It is the first time the IRM has published a guidance report focused solely on climate change for risk managers

Risk managers, through collaboration with a range of stakeholders, will need to play an increasing role in supporting organisations in identifying, assessing and managing their climate-related risks and opportunities and integrating them within existing Enterprise Risk Management (ERM) frameworks. 

This is according to the IRM, which has developed a new framework and guidance document which will help organisations build their capabilities and help to make sense of the complex climate changes forcing and driving transformational change across economies, industries, and society at large.  

Martin Massey, chair of the IRM’s Climate Change SIG and contributing author explains: “We have identified seven key areas that require attention to enable the development and execution of a climate change risk management strategy in any organisation. Each area of focus has been used as a key section within the guide.  

”We start by identifying the key risks and opportunities being driven or otherwise associated with climate change risk landscape covering physical, transition and liability risks and the development of a risk taxonomy and a ‘risk radar’, further sections will be published in due course.”

Elevation of ESG 

While the guide focuses on climate change it is important to understand the relationship and relevance to the wider ESG issues that are set to become increasingly prominent features of financial regulation and supervision globally.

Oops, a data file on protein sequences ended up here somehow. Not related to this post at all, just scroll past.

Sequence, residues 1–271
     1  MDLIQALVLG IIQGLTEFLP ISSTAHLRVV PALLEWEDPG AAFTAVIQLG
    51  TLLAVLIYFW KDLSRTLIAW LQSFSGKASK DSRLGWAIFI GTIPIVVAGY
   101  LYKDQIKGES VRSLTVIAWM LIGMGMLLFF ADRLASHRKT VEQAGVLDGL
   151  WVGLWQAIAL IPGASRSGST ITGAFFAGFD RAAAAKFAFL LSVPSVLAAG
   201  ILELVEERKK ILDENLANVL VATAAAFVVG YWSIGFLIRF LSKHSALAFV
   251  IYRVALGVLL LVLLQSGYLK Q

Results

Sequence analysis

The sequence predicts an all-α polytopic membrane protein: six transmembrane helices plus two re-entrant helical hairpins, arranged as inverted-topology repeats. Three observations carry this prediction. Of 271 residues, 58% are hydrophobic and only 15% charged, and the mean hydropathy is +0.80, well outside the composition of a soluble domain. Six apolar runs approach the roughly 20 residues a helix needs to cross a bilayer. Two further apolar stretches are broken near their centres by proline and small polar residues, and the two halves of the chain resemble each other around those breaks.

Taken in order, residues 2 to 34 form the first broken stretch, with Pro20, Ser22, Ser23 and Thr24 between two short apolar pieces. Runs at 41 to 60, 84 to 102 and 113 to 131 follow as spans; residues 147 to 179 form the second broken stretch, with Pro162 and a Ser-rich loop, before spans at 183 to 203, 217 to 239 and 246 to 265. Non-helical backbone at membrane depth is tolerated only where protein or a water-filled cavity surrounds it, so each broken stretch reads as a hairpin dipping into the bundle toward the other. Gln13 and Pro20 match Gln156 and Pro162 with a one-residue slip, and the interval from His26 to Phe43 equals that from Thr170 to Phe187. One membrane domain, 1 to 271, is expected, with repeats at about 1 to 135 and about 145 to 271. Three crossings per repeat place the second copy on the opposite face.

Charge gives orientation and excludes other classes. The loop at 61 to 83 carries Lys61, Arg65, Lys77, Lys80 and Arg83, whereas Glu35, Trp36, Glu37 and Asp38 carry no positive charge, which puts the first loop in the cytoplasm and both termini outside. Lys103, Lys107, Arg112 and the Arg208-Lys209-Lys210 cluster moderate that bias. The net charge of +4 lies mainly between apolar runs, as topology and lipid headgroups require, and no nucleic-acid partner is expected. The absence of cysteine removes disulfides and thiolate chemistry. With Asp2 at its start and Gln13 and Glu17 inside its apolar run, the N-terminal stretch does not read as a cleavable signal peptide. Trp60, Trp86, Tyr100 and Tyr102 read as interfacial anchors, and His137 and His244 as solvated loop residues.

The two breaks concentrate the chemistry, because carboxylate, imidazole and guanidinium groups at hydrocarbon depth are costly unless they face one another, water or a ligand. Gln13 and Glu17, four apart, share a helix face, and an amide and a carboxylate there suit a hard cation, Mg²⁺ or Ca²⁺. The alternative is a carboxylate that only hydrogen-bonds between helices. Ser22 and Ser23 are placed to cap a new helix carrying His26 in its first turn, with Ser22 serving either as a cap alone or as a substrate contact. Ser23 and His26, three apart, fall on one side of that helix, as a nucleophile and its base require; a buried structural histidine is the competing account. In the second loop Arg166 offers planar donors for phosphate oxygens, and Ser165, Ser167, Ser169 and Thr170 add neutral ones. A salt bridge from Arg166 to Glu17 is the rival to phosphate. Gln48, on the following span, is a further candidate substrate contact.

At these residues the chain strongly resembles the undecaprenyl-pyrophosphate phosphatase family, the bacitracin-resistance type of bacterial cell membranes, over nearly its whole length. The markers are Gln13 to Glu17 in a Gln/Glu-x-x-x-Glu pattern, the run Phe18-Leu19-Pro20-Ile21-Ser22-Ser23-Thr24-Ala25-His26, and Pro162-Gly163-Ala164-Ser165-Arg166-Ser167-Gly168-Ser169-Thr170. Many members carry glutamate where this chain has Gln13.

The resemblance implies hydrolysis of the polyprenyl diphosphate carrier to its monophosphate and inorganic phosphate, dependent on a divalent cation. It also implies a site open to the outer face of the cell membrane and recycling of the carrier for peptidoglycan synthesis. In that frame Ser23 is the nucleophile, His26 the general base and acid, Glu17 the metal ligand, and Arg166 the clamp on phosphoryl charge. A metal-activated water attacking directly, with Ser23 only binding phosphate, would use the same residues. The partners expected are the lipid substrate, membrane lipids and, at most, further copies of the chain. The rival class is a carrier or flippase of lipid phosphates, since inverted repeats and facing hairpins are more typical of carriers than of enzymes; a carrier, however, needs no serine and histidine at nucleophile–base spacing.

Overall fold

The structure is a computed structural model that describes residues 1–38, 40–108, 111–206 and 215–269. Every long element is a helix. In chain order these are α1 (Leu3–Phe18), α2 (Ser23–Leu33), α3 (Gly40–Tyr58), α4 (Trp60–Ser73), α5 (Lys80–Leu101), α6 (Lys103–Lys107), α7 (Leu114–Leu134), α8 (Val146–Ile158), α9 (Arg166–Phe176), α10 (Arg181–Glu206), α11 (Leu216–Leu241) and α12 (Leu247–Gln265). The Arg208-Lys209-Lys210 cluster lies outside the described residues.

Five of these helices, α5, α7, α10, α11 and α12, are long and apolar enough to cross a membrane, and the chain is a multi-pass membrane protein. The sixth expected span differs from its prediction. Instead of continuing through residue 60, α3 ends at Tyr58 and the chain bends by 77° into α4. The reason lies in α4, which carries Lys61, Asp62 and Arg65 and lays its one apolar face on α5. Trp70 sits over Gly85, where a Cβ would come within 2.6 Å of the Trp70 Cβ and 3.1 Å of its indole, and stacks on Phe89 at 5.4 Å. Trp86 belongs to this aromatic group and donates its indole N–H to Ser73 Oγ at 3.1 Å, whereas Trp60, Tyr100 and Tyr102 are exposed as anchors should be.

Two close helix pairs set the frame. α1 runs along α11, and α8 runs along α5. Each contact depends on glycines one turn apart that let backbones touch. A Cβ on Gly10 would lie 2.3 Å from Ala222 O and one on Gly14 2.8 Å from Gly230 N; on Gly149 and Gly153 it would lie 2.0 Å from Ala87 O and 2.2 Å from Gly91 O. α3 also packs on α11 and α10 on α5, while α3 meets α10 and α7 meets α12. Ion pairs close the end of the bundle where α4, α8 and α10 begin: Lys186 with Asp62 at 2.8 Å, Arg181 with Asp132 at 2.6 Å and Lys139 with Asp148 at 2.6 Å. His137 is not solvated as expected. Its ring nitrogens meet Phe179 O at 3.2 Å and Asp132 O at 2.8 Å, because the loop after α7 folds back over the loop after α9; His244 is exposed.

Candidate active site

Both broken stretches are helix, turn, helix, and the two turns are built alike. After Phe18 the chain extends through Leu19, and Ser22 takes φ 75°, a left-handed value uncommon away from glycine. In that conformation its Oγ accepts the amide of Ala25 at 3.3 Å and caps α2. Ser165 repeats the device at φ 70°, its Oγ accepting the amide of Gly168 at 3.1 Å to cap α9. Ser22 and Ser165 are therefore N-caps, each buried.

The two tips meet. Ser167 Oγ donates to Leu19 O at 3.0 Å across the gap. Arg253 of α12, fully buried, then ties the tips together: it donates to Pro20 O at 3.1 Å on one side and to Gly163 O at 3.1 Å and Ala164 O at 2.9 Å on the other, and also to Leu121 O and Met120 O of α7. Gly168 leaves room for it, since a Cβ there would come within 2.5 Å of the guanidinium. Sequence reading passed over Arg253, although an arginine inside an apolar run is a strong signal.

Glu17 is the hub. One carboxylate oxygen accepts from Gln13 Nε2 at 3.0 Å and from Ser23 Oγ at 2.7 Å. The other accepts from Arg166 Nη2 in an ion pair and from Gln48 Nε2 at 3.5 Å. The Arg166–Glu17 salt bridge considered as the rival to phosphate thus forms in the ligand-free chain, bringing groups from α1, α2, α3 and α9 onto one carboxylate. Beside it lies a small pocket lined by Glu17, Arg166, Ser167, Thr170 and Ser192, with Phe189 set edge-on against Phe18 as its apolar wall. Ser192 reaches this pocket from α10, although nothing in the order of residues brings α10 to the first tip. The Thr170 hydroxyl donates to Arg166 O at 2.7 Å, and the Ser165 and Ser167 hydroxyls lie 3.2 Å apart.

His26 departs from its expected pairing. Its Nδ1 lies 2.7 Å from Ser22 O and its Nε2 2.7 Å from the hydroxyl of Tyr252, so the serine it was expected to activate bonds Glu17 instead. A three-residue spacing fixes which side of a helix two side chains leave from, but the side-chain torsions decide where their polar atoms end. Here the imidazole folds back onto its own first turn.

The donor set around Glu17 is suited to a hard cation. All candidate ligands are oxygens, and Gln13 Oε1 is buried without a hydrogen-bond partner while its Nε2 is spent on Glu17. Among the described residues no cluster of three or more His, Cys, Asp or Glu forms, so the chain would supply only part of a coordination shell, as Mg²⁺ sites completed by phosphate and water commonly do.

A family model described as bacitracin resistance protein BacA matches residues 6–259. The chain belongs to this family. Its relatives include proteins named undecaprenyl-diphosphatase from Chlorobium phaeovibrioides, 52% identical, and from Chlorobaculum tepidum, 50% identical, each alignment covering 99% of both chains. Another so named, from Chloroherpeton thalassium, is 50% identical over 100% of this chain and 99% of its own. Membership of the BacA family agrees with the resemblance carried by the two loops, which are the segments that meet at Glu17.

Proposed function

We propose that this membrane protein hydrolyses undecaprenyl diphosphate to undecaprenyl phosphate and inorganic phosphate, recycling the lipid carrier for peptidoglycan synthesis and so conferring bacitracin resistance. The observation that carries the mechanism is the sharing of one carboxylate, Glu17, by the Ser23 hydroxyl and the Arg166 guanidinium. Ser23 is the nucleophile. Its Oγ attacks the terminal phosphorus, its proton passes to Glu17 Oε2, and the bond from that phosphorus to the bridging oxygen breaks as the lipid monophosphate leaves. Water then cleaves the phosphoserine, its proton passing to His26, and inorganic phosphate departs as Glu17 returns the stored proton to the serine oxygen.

ESG factors are rapidly becoming the single most important business driver of the decade, organisations around the globe need to act quickly to get reporting processes in place so they can measure progress.

It is crucial that companies and governments’ progress towards halving greenhouse gas emissions by 2030 and reaching net-zero by 2050 are measured accurately. 

Carol Misiko, senior IRM member (and an advisory board member for the World Economic Forum Global Risk Report), added: “In recent years, the World Economic Forum’s top risks have been dominated by environmental risks. In their survey for the 2020 report, climate change counted for three of the top five global risks: Extreme weather events, failure of climate-change mitigation and adaptation and biodiversity loss and ecosystem collapse.” 

”Organisations must address a growing number of critical drivers of change and expectations, including new international and national legislation and regulation and the voluntary disclosure approach led by the Task Force for Climate-Related Disclosures (TCFD).”

“Other major drivers include increasing public concerns and pressure from lobby groups, activists, regulators and investors, this report is a great resource for risk managers and couldn’t be timelier”.